The Thought That Can Change Your Life


THIS is the breakthrough thought I've been living into in the fullest way I can.

This thought, "I am responsible for my results," has been a long time coming.

Because it is so much easier to pass the responsibility onto someone or something else.

  • The leftovers that had to be eaten or the plate that had to be cleaned before I got up from the table.

  • The partner who did such and such that made me mad.

  • My too busy schedule and "I don't have enough time."

  • The 'not knowing how' and 'this is hard.'

  • The boredom that led me to Target (and more purchases of things I didn't really need and more credit card debt).

  • The TV bingeing that was the result of "I had to know what happens"

Every single time I passed the responsibility to something outside myself, I did so to avoid the discomfort of doing the work.

Discomfort, my brain told me, was a bad thing.

A sign that I was doing something wrong or risky that wouldn't end well for me.

Boy, I was so wrong.

The Role of Discomfort

Taking responsibility for my results means that I have to show up and do the work if I want to get the results. The work feels really icky sometimes because I'm pushing into new, uncharted territory and leaving my comfort zone. Naturally, my brain is freaking out (because that's what brains do), sending up emergency flares of discomfort and doubt. The result is that I feel a lot of discomfort for much of my day.

For all of my life, I've avoided discomfort as much as I could. When I felt discomfort, I tried to un-feel it as quickly as I could by snacking, internet scrolling, shopping, blaming, or avoiding.

I did all of it.

What did it get me?

Ultimately, more discomfort as I had to deal with the debt, the weight gain, the unmet goals, the negative self-talk, and the hours of wasted time that I will never get back.

If I wanted my results to change, I had to change my thoughts about and relationship with discomfort.

What if discomfort could actually be a good thing?

If fearing and avoiding discomfort brought me results I did not like, what would happen if I used discomfort as my road map on my journey to achieving my goals?

Now, I'm training my brain to see discomfort as a sign of growth instead of as a sign that I should stop what I'm doing and go take a nap.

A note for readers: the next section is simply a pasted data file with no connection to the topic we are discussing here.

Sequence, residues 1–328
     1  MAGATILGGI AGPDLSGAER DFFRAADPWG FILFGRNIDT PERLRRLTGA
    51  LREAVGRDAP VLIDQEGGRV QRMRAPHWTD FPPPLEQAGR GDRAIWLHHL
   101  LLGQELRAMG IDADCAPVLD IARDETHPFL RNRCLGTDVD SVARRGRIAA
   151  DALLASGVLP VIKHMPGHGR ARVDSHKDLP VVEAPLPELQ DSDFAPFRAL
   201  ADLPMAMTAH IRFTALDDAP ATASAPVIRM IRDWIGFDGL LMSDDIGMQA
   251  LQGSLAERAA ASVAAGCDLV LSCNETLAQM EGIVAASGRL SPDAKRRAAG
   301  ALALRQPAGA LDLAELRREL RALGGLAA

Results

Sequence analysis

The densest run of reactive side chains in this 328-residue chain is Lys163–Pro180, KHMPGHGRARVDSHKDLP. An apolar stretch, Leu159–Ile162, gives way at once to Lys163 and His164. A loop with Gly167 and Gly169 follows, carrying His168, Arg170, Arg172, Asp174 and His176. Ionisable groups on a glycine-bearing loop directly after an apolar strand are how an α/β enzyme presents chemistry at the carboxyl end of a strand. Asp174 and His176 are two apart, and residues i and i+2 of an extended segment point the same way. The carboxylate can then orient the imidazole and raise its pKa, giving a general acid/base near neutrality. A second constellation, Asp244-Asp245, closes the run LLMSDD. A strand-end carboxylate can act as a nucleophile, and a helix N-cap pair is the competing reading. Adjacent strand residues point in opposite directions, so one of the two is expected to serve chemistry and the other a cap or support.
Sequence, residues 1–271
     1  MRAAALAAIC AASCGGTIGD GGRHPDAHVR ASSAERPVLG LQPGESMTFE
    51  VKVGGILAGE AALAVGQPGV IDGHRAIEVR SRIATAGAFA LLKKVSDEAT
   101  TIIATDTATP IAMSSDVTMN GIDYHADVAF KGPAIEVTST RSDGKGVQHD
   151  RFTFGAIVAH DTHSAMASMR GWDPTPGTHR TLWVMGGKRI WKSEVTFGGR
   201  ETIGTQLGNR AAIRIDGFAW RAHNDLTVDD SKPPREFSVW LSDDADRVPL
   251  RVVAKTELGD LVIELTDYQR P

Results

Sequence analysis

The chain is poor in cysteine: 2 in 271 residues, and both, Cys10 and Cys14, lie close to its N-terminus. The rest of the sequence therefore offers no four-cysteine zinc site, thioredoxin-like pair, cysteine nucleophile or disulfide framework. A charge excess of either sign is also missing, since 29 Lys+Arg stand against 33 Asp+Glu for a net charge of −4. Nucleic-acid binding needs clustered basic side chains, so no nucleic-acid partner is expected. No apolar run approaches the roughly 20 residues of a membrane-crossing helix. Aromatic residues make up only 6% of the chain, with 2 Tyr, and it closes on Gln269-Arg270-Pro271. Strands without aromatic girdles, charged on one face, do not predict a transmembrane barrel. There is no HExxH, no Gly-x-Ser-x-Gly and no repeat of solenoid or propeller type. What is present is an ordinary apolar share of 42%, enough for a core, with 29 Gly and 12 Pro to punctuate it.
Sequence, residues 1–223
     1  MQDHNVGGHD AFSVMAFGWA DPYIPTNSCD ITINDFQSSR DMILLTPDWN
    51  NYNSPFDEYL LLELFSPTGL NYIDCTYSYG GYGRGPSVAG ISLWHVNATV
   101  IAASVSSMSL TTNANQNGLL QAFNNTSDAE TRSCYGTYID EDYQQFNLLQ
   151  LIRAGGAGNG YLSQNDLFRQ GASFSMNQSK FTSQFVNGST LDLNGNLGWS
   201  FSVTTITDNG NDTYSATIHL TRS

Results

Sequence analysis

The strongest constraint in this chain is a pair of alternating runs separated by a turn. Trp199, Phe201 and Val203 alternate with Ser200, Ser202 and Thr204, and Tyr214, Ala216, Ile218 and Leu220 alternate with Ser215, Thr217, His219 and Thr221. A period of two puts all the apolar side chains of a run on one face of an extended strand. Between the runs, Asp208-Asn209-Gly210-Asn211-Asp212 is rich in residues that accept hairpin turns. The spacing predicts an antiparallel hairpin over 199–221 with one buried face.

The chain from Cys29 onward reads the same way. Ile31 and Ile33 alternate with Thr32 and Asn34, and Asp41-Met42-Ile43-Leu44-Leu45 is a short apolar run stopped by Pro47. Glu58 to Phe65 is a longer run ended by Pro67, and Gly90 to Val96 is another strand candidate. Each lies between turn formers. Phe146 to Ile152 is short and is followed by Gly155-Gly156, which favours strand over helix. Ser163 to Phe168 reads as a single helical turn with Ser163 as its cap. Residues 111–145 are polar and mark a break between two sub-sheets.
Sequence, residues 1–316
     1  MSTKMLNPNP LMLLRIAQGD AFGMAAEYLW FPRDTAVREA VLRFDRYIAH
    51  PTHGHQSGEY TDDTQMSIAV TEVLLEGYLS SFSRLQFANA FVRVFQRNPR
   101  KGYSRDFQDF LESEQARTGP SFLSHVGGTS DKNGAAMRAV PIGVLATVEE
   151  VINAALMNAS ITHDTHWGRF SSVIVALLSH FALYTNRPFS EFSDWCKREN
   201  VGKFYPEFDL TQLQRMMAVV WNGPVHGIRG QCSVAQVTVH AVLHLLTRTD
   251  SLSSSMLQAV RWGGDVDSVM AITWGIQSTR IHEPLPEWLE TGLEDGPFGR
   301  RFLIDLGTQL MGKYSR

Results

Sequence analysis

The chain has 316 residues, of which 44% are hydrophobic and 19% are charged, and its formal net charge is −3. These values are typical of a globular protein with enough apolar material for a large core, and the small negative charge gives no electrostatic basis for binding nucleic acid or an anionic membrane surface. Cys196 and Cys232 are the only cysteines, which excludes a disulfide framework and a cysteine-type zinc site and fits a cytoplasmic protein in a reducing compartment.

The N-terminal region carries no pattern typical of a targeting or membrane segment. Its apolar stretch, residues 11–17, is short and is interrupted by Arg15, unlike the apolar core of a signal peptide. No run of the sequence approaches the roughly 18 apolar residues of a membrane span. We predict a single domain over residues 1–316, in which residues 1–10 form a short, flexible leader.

Discomfort is the price I pay for taking responsibility for getting the results I want.

I show up MUCH DIFFERENTLY to my day now that I think "I am responsible for my results" instead of "I have no control over what happens" and embrace the discomfort that comes with this thought.

Let me show you.

When I think "I have no control over what happens," I literally feel powerless.

When I feel powerless, I don't show up for myself because I think that nothing I do will matter in the long run.

  • I make excuses.

  • I look for distractions.

  • I go through my day very mindlessly and don't really engage with what I'm doing.

  • I watch the clock.

  • I avoid any kind of accountability with my coach and other stakeholders in my life

The result I get from the thought "I have no control over what happens" is that I do not meet any of my goals and am left with much disappointment.

Now, when I think the thought "I am responsible for my results," I feel empowered.

Feeling empowered, I get to work.

  • I avoid distractions and anything that could take me off course for the day. (I'll often leave my phone in the other room to help keep temptation at bay.)

  • I write my daily schedule with intention and purpose and I stick to it.

  • I give my time to the things that matter to me.

  • I don't make excuses and I don't blame.

  • I am much more proactive instead of reactive.

  • I give myself grace when things take longer than I think they should because I recognize that it's just a part of the journey.

  • I am willing to try new things and fail at them because if I decided to not try them at all, I've already